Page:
If was being sarcastic, I would say our whole website is a response to that accusation. They have certain presuppositions that make it inevitable that they would see us as a threat to “true Christianity,” but it is our mission to show that this isn’t so.

Perhaps one place to start is the dozens and dozens of stories we’ve published of people who have found a deeper faith in Christ through our perspective.


(Jonathan) #34

@BradKramer
Even as we speak, I am writing an article on the implications of evolution for my website (it may even mention Hitler!)…Any BioLogos articles you know of that may have interesting insights on this topic?


(Andrew M. Wolfe) #35

Well, “BioLogos” doesn’t respond to much. But here on the Forum, you can see how people who generally believe in evolutionary creationism would respond.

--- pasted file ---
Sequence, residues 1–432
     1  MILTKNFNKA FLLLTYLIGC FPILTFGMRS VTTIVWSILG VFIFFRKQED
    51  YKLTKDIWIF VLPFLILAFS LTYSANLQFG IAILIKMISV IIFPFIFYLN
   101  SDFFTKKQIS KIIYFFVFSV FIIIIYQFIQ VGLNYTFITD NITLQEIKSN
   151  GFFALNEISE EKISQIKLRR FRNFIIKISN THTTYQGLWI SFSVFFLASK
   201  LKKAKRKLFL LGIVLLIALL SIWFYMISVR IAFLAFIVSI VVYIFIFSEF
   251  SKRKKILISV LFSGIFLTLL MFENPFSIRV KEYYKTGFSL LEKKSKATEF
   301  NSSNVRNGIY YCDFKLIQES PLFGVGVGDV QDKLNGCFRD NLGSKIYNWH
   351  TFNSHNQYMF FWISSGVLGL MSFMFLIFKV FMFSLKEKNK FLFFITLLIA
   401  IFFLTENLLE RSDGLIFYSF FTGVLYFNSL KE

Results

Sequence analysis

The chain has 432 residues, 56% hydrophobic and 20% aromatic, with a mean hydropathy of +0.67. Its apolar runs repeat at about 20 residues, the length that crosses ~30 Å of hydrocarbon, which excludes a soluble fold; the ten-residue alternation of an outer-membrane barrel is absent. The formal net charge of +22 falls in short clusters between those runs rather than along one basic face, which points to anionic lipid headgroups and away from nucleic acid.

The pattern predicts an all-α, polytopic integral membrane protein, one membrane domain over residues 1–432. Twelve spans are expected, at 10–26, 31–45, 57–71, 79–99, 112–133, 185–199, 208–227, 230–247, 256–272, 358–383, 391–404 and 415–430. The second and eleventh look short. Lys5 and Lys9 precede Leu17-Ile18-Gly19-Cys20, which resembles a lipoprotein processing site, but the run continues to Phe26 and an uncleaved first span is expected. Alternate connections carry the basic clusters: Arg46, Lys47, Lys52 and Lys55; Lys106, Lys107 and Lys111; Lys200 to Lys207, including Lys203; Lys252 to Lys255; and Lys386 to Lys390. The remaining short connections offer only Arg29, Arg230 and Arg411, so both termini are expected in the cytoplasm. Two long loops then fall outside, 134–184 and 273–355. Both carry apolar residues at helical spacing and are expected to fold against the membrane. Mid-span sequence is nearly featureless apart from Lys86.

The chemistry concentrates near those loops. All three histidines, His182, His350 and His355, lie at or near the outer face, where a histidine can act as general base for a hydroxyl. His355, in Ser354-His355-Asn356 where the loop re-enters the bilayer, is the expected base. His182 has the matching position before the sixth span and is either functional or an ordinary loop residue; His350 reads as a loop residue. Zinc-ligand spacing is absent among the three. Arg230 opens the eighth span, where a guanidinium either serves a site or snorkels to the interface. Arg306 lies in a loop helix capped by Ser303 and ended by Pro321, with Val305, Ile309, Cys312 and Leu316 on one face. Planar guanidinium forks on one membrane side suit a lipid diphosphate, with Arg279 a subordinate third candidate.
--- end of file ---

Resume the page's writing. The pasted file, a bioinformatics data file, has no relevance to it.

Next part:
How nice of him to include us! =p

I mean, if I have to inhabit this illustration, I’ll make it fun…

See, I’m still back on my island that you can’t see behind the smoke. Ken Ham, meanwhile, is busy firing away at the evolution castle. Then one day when he needs a break, he decides to come over and visit the guy that he thinks is firing away at his own foundations. When he does that, he discovers that it’s actually not someone from BioLogos at all, but rather a robotic scarecrow (kinda like a “straw man,” but if I called it that it would be too obvious) that somebody in his own organization set up to frame BioLogos! Sadly, the cannonballs that the scarecrow is firing are all too real…


(Brad Kramer) #36

You’ll have to be more specific, I’m afraid.

Our new search engine is top notch. Please give that a spin: http://biologos.org/search/


(Jonathan) #37

I didn’t want to be…I feared I had said to much with:

Search engine would be a good idea…I just wanted to ask if you know of any outstanding ones…


#38